As for the actual movie, if you missed it this one deals with TIME TRAVEL. Time Travel is a scary subject matter. It is powerful and can make or break a movie depending on how it is adapted. I am not going to argue one theory of time travel is better than any other, because that doesn’t matter. The only thing that matters is that a film is consistent with their version of time travel. Alice Through The Looking Glass cares not at all, changing the rules on a whim, and makes an incredible hard to follow film without a satisfying reason for making it overly complicated.
This line might be a slight spoiler, because I just want to explain their time travel. Alice finds out that no matter what she does, she can not change the past, the events still occur. That is the time travel they have set up. Until later on in the film, a character is totally able to change the past. Fuck.
Alice goes back in time to three different locations. Why? Because the oceans of time are chaotic and once she learns information, she tries to go to a different time line to change different things. The plot is moved forward by consistently bad decisions from Alice, whom is supposed to be a strong smart female lead. Not only that, because Alice seems to make the same bad decisions, her actions feel repetitive and the films seems to drag when there are easy solutions everywhere.
The ending is an incredible mess. Wonderland is falling apart because of two separate events that somehow produce the same results. But it doesn’t make sense for them to do the same thing. I will try and explain it out without spoilers.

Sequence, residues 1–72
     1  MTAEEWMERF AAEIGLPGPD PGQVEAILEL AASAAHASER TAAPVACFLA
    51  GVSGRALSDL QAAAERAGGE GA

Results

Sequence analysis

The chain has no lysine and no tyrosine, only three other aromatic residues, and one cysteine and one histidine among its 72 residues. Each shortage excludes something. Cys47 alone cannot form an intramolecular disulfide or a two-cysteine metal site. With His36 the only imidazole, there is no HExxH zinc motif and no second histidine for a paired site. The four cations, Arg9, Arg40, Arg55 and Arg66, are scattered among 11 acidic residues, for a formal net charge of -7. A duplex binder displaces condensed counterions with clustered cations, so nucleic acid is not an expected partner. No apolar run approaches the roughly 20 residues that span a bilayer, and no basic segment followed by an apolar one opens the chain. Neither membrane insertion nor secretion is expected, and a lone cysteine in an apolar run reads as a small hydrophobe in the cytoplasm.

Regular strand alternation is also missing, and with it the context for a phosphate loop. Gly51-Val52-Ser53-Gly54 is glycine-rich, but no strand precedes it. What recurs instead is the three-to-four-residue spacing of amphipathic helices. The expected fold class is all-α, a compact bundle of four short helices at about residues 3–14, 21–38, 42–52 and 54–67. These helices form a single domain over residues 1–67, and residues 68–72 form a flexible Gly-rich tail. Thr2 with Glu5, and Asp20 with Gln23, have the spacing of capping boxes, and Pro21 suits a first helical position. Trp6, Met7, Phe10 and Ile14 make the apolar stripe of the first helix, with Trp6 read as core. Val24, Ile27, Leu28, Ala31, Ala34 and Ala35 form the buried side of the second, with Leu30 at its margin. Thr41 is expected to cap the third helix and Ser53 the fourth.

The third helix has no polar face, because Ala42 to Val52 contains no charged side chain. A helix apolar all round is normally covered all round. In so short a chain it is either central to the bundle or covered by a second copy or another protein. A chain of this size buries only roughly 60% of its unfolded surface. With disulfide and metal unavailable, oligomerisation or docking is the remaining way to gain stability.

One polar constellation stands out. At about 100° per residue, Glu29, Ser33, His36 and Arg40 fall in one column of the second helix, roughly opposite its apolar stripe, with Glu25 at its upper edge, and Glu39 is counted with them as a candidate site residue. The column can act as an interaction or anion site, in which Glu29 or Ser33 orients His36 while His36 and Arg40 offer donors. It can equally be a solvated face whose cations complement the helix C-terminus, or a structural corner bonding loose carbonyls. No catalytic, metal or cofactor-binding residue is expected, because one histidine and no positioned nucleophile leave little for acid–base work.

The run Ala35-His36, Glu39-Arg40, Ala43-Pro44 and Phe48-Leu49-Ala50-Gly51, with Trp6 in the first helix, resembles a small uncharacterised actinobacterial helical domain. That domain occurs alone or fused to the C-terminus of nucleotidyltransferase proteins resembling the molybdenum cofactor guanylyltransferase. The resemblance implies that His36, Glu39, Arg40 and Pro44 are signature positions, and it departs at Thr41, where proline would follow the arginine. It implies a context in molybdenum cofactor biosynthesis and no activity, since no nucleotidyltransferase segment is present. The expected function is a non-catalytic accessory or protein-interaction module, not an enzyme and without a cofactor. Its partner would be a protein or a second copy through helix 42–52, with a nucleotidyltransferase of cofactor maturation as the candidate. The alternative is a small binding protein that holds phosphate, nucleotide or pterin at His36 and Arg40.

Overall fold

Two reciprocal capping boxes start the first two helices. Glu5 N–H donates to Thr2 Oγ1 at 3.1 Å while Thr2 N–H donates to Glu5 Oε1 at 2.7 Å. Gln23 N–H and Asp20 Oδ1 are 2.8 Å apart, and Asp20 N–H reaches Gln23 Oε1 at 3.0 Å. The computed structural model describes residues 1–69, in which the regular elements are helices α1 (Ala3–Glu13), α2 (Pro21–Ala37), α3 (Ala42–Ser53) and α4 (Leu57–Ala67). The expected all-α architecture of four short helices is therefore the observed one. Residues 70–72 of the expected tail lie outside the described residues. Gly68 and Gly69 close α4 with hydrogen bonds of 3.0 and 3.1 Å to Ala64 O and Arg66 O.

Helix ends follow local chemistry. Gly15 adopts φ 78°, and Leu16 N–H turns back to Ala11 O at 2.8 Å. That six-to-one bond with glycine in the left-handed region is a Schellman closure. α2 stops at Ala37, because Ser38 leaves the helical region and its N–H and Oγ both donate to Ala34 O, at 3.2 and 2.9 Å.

I hope you passed algebra.
For most of the film, Problem A is happening thanks to Alice and the world is slowly falling apart. Much later in the film, Problem B, a completely different problem occurs and actually sets about the end of the world. Problem A is seemingly forgotten about. However, once Problem A is “solved”, thanks to our protagonist remembering it, it somehow undoes all of the damage of Problem B. The issue with that is there is no justification whatsoever that it should work like that. There are no mentions earlier on that if Problem B happens, it can be fixed by X. On top of that, there was no reason for Problem A to even continue late in the film, except for the fact that Alice becomes incompetent.
Finally, Alice is seen as a strong, independent woman, which is mostly true in the real world scenes where she is chased by pirates, but they reduce her to a bumbling fool in Wonderland. All of her positive traits seemingly vanish just to move the plot forward. On its own, I guess it is okay for a character to be stupid, sure.
The real issue here is that her character does stupid things, but she is still being lauded as a smart and capable heroine the entire film. To me, that seems almost more dangerous than just having a weak lead. What we need in films are actual strong female characters, not weak ones that they tell us are strong with us supposed to them at their word.
This is a bad movie and one I cannot believe was green-light by Disney. The 3D is pointless, the visuals are only great in a few places, the acting is so-so. The plot is a mess, breaks its rules (which breaks story telling rules and shouldn’t be seen as a compliment to the Madness of Wonderland), and most of the events happen thanks to stupidity and not for good plot reasons. The only thing I enjoyed was the excessive time puns and Cohen as Time.
0 out of 4.